The Dalemark Quartet, Part 2

Dalemark! Onward! As you will recall, the country is split by North and South, the South full of angry earls who do not like to hear talk of free speech, and the North full of angry earls who do not mind it so much. There are gods, called the Undying, who continue to take a lively if unpredictable interest in the doings of Dalemark and its occupants.

The Spellcoats jumps us back several thousand years into Dalemark’s past. Our narrator Tanaqui and her four siblings are forced out of their own village in a time of war, as they do not look like the other villagers and are believed to be Heathens or witches or both. As they travel, they gradually come to realize that the true enemy is not the Heathen but an enchanter called Kankedrin, who seeks to control the land and its gods and its people.

In The Crown of Dalemark, we are back with Mitt, who feels lost and lonely in the North, and still more so when an Earl orders him to assassinate a girl called Noreth who appears to be preparing a claim to the long-defunct throne of Dalemark. Two hundred years into Mitt’s future, a girl called Maewen is asked to go and take Noreth’s place as history unfolds; and without much ceremony, she is thrown into the middle of the political turmoil of Noreth’s life. Trying to do her best to masquerade as Noreth, she travels through Dalemark firming up her claim to the throne, accompanied by both Mitt and Moril.

The Spellcoats is about a group of really, really different siblings working together on something while growing into the adults they’re going to be, which I love. I cannot imagine why I didn’t care for it before! It’s done so beautifully! Tanaqui’s brother Hern is the same person all through the book, but the commander-of-armies Hern as the book nears its end has changed tremendously from the Hern who prayed to the Undying to be able to go fight the Heathen with his father at the beginning. It is one of Diana Wynne Jones’s best tricks, this true, natural growing up of her characters.

By contrast, the characters in The Crown of Dalemark seem to have done most of their growing up already. We see little out of Mitt that we haven’t seen before: his circumstances change (dramatically!), but we don’t really see the outcome of that change on him. The same is true of Maewen: her life changes and she stays the same. There is little of that growing self-awareness and its attendant strength that characterizes nearly all of Diana Wynne Jones’s protagonists. Not to say that the plot of the book isn’t interesting (it is! and it brings together dangling threads from all three previous books!), just that the characters do not get to grow as dramatically as I would like them to.

In my memory, The Spellcoats was easily the weakest of the Dalemark books, and The Crown of Dalemark easily the strongest. Not at all what I found reading through them again. I think I must be wanting different things out of books now than I was when I read these last.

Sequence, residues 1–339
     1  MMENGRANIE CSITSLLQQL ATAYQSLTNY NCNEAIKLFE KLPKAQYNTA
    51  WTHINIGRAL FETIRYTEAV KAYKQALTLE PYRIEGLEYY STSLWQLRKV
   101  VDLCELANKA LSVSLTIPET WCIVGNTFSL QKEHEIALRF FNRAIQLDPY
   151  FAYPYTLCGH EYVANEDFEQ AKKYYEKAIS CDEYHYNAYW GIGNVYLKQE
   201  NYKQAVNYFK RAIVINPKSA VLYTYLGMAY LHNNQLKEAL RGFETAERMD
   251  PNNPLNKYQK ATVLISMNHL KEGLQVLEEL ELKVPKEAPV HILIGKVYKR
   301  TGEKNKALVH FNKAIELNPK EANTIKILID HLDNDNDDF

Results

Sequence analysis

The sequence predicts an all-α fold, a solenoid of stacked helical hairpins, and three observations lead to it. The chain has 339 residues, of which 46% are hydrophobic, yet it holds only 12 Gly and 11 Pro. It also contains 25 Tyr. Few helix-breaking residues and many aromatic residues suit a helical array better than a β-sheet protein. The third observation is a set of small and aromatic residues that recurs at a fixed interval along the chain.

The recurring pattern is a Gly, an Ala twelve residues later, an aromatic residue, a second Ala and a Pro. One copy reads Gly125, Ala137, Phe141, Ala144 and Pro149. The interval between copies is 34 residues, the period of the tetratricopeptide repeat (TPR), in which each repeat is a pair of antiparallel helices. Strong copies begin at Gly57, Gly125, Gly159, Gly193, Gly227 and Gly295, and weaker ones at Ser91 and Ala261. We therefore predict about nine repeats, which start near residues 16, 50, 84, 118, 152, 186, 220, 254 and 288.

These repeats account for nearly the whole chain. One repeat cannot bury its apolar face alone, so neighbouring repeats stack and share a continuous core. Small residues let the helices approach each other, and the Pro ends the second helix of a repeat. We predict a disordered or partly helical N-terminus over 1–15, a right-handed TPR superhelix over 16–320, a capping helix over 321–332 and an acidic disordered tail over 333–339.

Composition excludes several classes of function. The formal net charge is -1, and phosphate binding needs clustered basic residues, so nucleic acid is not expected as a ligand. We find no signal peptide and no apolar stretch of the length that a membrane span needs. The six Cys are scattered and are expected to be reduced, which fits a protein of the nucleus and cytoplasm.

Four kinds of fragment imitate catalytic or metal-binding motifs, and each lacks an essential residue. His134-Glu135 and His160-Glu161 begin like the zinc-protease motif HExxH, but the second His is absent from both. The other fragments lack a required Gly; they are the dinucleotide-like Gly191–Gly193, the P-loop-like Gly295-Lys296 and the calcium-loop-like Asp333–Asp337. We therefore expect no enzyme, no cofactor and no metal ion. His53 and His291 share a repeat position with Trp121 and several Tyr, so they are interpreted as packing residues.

I feel like I read somewhere that Diana Wynne Jones said she couldn’t write a sequel to Crown of Dalemark until she figured out what happens with Tanaqui at the end of The Spellcoats. I wish she would. I want her to do her growing-up trick to Mitt and Moril. They have had many bad things in their lives, and I am curious what they are like as grown-ups. This really speaks to Diana Wynne Jones’s skill at characterization–you truly feel they have a life beyond the story, and you wish you were in on it.

(I love Diana Wynne Jones and) I am so pleased I reread these books. It was a completely new reading experience to what I remember, and that was grand.

22 thoughts on “The Dalemark Quartet, Part 2

  1. One thing I love about your posts this week? “(I love Diana Wynne Jones and)”.

    I read the Dalemark Quartet quite a while ago, but what I remember strongest about the books is the first person trick DWJ pulled off in “The Spellcoats”. I’m not normally a first-person fan, but that… That was amazing.

    And now I wish there was a fifth book too…

    • I don’t have a problem with first-person–I’m always curious why other people do. Does it feel contrived to you (in general), or you don’t like being that close to the characters, or what?

      • I suppose ‘contrived’ is a way of putting it, yes. I love being close to the characters, but most of the first person narratives I encounter manages to push me away from them. Third person limited allows me to get just as close to a character, if not closer.

        Here are some of my thoughts on it. You’ve read them ages ago, though. ^-^

        Most all first person narratives I’ve read fail to deliver that sense of inclusion. It just reads like third person that’s been edited to resemble first person.

        First person narratives can be some of the most powerful, immersive, beautiful, amazing povs that ever could be writ and, well, most first person narratives I’ve read take one look at what they could be and run screaming in the other direction. It’s such a shame, especially when a first person story has promise.